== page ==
Munich is a city of tolerance and diversity, as you’ll soon see when you explore our insider tips for each neighbourhood. There are tango dancers in the square at Königsplatz, boules players at Hofgarten, and surfers on the Eisbach, next door to the Haus der Kunst art gallery – all of them long-established icons of the city.
On balmy summer evenings, the entrance to the Antikensammlungen (State Museum of Classical Art) is transformed into a dance floor: on the 100-square-metre shell limestone floor, 15 to 30 couples dance to the melancholic strains of tango music. One of the organisers, dance teacher Levent Göksu, works with a few like-minded dance fans to organise the colourful event, which has been running for three years and takes place on any day when the temperature exceeds 20 degrees.
Across the square, the Glyptothek art museum and the Propyläen gate (which is based on the Athens city gates) provide the perfect backdrop for the passionate performance. Between 5 and 7 p.m., there are free workshops (if you like, you can even throw your own hat into the teaching ring), after which things really get going – tango professionals spin and sway alongside absolute beginners.
Click, clack, wow! Anyone who takes a stroll through the Hofgarten arcades is sure to be met with a cacophony of sounds, including metal striking metal and cries of celebration. For a good 40 years or so, the wide gravel path between the Hofgarten hedges and the arcades has been a refuge for petanque players, who meet every evening in groups of varying sizes. In this sociable game, players aim to get their metal balls as close as possible to the target ball, known as the “Cochonet” or in Bavarian, “der Sau” (“the pig”).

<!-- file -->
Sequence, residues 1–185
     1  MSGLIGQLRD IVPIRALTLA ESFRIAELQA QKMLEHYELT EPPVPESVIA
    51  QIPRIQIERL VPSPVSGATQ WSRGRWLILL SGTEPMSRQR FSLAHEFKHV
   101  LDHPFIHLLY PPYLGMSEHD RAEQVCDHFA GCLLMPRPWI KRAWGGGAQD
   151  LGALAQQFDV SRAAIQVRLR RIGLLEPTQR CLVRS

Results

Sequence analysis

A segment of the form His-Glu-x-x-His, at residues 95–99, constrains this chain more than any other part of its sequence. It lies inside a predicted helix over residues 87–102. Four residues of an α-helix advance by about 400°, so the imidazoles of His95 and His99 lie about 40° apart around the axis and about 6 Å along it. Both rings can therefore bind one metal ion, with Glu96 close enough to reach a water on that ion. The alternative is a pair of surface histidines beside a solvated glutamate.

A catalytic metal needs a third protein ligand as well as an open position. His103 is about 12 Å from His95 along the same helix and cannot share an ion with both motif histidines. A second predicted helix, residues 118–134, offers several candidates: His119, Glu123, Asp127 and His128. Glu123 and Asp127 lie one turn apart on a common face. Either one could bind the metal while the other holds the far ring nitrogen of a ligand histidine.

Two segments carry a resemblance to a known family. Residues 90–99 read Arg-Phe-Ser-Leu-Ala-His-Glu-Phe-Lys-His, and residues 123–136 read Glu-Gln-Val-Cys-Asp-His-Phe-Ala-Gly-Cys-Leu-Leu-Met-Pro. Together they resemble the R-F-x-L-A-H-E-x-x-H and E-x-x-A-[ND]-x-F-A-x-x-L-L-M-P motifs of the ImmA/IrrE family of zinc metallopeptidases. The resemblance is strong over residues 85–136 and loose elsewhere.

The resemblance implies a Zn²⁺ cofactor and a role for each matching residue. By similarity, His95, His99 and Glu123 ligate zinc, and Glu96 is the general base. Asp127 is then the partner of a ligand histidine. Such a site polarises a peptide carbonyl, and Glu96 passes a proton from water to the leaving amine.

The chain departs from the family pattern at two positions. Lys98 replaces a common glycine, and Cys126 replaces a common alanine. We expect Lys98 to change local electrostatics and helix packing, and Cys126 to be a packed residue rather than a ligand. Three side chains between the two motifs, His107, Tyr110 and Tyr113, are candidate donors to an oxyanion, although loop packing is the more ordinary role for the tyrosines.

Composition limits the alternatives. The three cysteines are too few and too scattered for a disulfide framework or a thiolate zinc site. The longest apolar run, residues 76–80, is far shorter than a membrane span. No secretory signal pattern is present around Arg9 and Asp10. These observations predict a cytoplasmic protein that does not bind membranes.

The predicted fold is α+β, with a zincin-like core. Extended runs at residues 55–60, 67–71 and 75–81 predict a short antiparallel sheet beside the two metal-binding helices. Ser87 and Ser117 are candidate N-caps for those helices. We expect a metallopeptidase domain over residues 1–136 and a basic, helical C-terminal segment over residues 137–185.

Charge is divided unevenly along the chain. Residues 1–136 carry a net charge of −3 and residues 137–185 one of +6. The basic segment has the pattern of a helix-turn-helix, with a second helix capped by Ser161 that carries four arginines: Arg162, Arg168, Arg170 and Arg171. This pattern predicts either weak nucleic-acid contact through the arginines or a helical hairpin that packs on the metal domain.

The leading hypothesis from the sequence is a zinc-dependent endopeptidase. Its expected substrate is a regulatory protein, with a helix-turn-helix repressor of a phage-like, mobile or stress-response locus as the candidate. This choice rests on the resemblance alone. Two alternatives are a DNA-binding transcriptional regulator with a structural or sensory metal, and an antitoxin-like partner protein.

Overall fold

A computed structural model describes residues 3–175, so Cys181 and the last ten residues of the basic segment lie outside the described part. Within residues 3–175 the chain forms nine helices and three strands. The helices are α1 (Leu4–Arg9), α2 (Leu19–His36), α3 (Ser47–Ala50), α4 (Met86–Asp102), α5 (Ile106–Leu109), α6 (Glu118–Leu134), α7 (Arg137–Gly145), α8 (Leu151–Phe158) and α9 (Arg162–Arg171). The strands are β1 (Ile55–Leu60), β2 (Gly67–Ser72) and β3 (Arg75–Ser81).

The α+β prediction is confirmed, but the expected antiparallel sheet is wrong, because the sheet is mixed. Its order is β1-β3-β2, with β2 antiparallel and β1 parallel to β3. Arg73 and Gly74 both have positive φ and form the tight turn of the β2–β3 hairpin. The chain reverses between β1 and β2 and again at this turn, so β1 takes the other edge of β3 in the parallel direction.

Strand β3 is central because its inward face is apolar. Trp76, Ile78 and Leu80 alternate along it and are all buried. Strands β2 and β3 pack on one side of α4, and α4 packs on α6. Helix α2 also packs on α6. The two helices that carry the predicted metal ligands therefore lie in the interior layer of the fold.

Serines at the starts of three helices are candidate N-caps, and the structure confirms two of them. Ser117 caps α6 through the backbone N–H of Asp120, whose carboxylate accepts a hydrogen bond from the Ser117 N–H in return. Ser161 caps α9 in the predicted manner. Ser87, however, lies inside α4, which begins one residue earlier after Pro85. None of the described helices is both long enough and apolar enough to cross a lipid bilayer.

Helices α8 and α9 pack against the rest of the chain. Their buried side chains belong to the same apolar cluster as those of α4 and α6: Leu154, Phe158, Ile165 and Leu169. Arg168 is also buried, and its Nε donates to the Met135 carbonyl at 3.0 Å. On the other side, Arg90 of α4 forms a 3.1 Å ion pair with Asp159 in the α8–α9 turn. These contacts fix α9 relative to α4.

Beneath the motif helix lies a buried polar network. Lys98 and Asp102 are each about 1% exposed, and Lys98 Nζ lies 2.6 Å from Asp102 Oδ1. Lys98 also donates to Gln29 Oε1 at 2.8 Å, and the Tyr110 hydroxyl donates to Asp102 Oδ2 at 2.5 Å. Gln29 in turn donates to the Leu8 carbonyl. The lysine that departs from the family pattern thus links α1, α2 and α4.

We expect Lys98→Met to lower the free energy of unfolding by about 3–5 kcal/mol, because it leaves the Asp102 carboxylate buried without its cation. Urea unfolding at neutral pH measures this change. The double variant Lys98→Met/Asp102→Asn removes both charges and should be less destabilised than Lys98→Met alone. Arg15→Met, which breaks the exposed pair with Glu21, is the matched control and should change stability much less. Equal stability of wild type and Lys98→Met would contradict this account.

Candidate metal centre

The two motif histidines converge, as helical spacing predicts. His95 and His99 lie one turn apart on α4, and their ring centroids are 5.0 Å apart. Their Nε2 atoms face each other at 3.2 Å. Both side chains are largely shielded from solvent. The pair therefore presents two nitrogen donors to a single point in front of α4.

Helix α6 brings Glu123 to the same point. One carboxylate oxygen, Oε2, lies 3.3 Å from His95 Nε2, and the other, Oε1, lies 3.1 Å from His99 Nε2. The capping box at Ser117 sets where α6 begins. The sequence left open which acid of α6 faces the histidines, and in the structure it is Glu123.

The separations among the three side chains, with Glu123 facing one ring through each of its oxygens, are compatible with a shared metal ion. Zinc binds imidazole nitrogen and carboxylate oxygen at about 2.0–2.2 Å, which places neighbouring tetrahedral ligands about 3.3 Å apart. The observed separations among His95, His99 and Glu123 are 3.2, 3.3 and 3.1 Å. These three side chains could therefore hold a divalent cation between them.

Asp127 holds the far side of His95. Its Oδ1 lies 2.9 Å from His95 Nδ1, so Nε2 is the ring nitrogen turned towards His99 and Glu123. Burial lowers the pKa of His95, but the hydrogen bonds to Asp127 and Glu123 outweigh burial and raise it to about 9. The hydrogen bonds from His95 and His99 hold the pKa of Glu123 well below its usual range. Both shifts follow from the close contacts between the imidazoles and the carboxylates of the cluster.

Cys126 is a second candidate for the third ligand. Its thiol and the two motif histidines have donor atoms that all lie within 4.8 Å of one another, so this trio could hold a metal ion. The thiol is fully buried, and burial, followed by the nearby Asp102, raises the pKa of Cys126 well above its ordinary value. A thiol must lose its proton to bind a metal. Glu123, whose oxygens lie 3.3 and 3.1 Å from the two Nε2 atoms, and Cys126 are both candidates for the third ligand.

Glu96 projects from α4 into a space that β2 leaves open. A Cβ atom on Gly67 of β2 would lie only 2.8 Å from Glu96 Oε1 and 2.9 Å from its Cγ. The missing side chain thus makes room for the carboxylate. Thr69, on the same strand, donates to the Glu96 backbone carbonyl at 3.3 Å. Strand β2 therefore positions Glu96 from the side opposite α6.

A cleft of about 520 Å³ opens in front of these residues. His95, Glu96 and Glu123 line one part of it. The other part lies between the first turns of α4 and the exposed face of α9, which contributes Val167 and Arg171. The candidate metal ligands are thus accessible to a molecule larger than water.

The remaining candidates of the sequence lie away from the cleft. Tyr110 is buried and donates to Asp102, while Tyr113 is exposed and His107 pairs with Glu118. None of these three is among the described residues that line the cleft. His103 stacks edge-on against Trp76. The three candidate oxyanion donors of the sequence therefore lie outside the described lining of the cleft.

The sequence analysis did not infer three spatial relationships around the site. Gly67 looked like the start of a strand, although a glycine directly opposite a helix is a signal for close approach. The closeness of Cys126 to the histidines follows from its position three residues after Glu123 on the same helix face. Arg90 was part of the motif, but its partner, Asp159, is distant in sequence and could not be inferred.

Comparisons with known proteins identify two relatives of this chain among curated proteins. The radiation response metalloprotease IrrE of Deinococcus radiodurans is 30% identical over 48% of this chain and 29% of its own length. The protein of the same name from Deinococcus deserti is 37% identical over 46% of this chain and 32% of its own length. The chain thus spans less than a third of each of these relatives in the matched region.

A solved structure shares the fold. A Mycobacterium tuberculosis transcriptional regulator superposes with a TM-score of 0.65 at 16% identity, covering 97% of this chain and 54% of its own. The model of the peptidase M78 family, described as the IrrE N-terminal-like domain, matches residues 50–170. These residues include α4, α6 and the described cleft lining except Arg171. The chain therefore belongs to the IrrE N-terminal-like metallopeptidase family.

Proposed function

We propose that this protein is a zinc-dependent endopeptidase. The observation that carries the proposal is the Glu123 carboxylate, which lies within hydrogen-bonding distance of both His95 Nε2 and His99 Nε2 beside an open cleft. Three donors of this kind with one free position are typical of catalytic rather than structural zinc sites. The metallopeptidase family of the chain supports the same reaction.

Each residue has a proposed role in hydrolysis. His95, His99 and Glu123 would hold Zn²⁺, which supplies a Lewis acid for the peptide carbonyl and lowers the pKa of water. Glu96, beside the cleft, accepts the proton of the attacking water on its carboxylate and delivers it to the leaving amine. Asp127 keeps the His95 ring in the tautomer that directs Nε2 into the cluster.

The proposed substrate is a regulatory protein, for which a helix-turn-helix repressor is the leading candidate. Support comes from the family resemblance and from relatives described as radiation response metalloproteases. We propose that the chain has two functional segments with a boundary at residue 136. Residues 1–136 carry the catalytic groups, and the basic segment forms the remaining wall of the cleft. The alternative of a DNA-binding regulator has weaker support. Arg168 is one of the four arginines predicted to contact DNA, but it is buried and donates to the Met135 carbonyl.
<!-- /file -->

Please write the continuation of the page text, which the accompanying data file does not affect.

Perfecting your throwing technique is key. You may either roll the ball (also known as “placing” it by the experts) or throw it up in the air (“shooting”). Every summer for the past 35 years, the Hofgarten has hosted a tournament held by the “1st Münchner Kugelwurfunion – Pétanque Munichoise e.V.” boules club. In 2016, 634 participants attended the event – so many, that some groups had to relocate to the neighbouring Finanzgarten.
When the documentary “Keep Surfing” (2009) was released, its subject became so iconic that surfers travelled from all over the world to ride it: the Eisbachwelle river wave in the Englischer Garten. Where else in the world can you perform artful twists and turns on your surfboard, in front of crowds of intrigued spectators and in the heart of a city of millions? Since the 1980s, the side arm of the Isar – where 27 cubic metres of water shoots out of a walled twin arch every second, to create a standing wave – has been decisively colonised by surfers.
These days the wave is the world’s most famous spot for river surfing – drawing huge crowds to the spot near the Haus der Kunst art gallery, as you would expect. Sometimes there are more than ten surfers queuing on both sides of the stream – they take turns using the zipper merge principle. Watch out for the next person in line clapping their hand against their board – that’s the signal for the current wave rider to relinquish their spot.